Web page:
|Today I picked up the book, The Death of Innocence: The Story of the Hate Crime That Changed America by Mamie Till-Mobley. Mamie is the mother of Emmett Till. I’ve blogged previously about a connection I share with Emmett Till – one of my maternal grandmother’s brothers married into the family of Moses Wright – Emmett’s great-uncle from whose home he was taken. I’m looking forward to reading Mamie’s book and learning more about the events of what happened.|
With great help from the NC GenWeb state coordinators, I was able to convert the Martin County, NC site into a WordPress site today. I became county coordinator in October and while I started with a blog, I knew I wanted to do more with the site. I love the power and flexibility of WordPress and using it will make it easier to administer the site. I needed to do this because though I know HTML and well, working with it was becoming too much of a time consumer for me. This way, I don’t have to worry about the HTML nearly as much and I can add content to the site more rapidly.
You can check out the site at http://www.ncgenweb.us/martin. Please let me know what you think! Personally, I woud love to see more USGenWeb sites use content management systems (CMS). The common vertical display of links that I usually see is becoming more and more difficult for me to navigate. This is my second USGenWeb site that I am coordinator for now and these sites are great resources and I would love to see them further enhanced.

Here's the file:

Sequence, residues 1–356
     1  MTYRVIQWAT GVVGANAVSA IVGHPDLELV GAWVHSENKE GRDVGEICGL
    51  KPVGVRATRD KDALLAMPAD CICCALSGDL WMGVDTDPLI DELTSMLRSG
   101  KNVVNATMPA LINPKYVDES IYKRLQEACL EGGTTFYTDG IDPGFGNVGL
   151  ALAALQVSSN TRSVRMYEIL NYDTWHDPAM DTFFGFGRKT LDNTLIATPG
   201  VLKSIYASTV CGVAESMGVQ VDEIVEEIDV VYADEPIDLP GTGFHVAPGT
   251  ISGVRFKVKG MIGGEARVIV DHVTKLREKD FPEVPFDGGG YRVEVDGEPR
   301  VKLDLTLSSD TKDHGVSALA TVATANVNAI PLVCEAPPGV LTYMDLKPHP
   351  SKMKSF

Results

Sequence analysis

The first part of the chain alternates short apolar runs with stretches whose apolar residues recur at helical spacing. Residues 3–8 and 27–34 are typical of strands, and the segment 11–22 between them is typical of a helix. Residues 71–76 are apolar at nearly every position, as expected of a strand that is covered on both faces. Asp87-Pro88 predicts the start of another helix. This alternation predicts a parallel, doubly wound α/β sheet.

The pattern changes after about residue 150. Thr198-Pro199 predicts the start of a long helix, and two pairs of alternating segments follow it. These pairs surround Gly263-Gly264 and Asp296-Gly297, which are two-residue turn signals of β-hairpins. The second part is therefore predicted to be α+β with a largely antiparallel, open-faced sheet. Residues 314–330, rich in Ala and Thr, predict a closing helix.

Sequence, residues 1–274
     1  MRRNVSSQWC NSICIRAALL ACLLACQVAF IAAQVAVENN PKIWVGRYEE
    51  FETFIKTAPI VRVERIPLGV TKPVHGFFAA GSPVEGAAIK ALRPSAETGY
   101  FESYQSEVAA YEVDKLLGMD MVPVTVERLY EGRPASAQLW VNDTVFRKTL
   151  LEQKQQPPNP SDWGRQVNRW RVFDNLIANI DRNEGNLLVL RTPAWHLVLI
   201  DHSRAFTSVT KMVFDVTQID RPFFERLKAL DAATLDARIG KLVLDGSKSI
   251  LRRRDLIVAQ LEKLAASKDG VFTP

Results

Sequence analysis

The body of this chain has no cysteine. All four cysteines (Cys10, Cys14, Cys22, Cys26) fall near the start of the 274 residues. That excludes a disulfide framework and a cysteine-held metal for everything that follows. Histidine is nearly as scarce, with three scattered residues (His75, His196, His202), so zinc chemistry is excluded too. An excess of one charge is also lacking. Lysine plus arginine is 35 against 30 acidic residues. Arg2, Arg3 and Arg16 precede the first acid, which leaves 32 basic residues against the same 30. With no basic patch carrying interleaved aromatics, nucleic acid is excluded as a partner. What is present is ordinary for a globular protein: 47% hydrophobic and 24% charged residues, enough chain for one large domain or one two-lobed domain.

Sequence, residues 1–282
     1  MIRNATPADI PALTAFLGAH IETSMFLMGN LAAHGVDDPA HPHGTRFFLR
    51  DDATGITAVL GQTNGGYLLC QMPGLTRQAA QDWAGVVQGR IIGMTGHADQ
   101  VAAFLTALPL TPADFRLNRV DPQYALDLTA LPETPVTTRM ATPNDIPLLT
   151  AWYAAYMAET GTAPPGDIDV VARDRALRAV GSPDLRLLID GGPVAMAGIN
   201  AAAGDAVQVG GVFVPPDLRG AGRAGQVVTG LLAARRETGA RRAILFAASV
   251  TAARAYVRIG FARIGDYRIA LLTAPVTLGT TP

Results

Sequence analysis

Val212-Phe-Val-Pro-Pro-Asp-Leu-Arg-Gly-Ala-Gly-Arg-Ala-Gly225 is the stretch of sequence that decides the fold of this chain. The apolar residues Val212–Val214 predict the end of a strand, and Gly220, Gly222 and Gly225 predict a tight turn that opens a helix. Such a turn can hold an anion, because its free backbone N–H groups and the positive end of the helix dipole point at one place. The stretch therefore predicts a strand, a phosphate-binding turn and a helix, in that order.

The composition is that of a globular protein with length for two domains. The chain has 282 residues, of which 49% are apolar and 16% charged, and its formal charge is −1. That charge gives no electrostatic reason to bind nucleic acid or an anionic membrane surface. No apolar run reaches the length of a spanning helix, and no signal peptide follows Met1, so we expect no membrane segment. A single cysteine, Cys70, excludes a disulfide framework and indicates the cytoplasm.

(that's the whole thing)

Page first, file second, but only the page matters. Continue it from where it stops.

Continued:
Some other USGenWeb sites that are good examples of more “modern” formats include:
These are just some I’ve come across, do you have others? In addition, there are a few counties that have corresponding blogs as I’ve done for my two counties. Genealogue.com recently added a category for UsGenWeb blogs and I would love to see this category grow. Currently, there are only three others listed in addition to my two.
I get a fair amount of communication from researchers through my blogs and try to help as much as I can. Partnerships between county coordinators and local genealogical socities would undoubtedlby even further increase user engagement.
My last post on my mother’s uncle Lorenza was very well received by my family members. Two cousins as well as Lorenza’s aunt Martha (who is 80+ years old and sends email and is online!) also commented. Everyone seemed to really appreciate it.
After that post, I digiscrapped a layout for him. The layout uses a Quick Page design by Meryl Barthos.
|From Kaleya — Year 2|
This is a post I’ve been wanting to write for a couple of years now as it was one of the most interesting history lessons I had early on when I started doing my genealogy in 2006.
December 7th marks the anniversary of Pearl Harbor and my great-uncle, Lorenza McNair (1921-2005), was in the military during this time of war. I’d always heard from my mother that after he returned, he told the family that if they had any questions about what happened, they’d better ask then because he was never going to talk about it again. To the best of my mother’ s knowledge, he never did.